Fifteen years after passage of the Sarbanes-Oxley Act, companies are still finding the costs of compliance heavy in terms of both dollars and man hours, according to a new report.

The report, from the consulting firm Protiviti, found the average costs depend in some respects on the number of locations at an organization. While companies with between one and three locations pay an average of $657,383 per year on compliance, those with more than 12 locations are paying $1,561,000 annually. The report is based on a survey of 468 chief audit executives, and internal audit and finance leaders and professionals in U.S.-based public companies in a variety of industries.

Sarbanes-Oxley compliance costs

The number of hours spent on compliance continues to rise, regardless of company size, according to the survey respondents, and more of them are outsourcing their SOX compliance work.

“SOX requirements and practices have changed with the times, and we’re pleased to see that many companies are reaping the benefits of their compliance efforts, which is also good news for investors,” said Brian Christensen, executive vice president of global internal audit and financial advisory at Protiviti, in a statement. “By creating streamlined and lean processes, companies can respond to new and emerging business or regulatory challenges with agility. Conversely, those who aren’t following this model and are instead always playing catch-up may struggle to remain competitive over time.”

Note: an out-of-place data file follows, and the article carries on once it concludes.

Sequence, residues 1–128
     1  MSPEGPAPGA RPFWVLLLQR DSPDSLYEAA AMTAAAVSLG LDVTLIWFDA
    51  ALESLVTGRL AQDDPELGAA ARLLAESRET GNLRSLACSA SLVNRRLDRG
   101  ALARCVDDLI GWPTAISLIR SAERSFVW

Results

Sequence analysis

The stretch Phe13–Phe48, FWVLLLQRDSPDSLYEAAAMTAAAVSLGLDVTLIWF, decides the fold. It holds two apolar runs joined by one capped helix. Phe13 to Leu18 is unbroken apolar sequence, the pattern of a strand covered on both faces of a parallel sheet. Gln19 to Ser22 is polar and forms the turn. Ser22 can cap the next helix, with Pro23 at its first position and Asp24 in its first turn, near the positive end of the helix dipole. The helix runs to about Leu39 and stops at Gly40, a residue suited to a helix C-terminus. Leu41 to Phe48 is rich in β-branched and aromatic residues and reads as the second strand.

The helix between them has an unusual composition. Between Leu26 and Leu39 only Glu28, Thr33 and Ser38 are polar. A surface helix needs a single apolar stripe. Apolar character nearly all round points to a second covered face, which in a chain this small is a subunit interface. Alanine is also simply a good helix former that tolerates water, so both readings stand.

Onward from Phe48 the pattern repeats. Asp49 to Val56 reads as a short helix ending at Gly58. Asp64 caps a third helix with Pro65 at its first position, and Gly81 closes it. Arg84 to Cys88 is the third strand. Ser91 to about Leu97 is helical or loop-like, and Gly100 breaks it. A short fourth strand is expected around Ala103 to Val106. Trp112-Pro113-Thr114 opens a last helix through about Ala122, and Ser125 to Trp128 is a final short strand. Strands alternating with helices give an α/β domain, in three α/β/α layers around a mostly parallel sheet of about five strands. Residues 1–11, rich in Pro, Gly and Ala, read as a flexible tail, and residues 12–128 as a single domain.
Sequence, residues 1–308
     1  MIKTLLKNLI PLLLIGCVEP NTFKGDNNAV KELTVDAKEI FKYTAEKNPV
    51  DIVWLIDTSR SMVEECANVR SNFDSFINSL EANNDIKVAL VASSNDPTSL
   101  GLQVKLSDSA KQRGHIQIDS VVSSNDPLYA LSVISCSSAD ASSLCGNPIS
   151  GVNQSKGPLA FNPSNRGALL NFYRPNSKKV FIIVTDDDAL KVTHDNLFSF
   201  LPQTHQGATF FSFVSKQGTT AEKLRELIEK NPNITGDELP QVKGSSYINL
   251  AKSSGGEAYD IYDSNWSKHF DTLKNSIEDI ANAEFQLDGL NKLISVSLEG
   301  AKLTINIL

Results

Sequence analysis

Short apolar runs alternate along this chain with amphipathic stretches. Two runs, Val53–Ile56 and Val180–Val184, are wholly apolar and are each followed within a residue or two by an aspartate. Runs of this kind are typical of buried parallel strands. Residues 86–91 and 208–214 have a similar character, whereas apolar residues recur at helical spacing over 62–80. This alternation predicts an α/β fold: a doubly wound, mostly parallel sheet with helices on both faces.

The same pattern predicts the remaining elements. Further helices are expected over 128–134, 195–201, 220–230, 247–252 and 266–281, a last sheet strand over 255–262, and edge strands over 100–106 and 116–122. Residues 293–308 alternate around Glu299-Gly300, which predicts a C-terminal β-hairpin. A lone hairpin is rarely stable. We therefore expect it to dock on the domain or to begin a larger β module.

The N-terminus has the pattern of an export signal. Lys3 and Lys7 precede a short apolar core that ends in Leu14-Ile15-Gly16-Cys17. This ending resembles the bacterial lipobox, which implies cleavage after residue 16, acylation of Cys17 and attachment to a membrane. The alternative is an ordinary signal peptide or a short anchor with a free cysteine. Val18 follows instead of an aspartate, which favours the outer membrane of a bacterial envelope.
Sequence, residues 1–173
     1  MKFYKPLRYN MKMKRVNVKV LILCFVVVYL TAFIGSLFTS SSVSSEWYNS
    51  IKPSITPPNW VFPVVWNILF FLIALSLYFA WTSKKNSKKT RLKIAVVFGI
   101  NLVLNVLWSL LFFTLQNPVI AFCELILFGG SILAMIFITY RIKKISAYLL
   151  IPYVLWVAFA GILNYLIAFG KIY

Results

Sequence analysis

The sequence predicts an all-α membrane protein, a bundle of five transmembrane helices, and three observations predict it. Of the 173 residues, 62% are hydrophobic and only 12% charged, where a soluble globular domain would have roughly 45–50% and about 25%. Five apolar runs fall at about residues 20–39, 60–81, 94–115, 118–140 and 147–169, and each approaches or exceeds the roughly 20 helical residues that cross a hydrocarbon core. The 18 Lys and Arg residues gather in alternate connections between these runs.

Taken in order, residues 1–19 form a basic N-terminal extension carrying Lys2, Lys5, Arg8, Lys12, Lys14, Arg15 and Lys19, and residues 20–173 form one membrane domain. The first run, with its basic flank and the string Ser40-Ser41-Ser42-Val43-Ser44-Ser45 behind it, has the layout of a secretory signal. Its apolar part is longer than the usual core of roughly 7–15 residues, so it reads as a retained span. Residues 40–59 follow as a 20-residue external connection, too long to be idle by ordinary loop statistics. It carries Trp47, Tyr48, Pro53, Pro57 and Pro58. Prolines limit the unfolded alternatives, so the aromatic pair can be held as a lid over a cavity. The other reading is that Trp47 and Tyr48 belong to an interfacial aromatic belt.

The annual survey also asked about related matters, including the Public Company Accounting Oversight Board, cybersecurity and the revenue recognition accounting standard. Three out of four companies that needed to make significant changes in their SOX compliance activities attributed the increase to PCAOB changes. After a significant increase last year in cybersecurity disclosures in the wake of high-profile data breaches and ransomware attacks, 15 percent of those respondents issuing such disclosures said they have increased the number of hours they spent on overall SOX compliance by more than 20 percent.

Although the revenue recognition standard is taking effect next year, only 56 percent of the companies polled said they have begun preparations for it. “Looking forward, the new FASB lease accounting standard goes into effect in two years, and there’s no doubt we’ll see another round of significant accounting and SOX control program changes in preparation for compliance,” said Christensen.

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Michael Cohn

Michael Cohn

Michael Cohn, editor-in-chief of AccountingToday.com, has been covering business and technology for a variety of publications since 1985.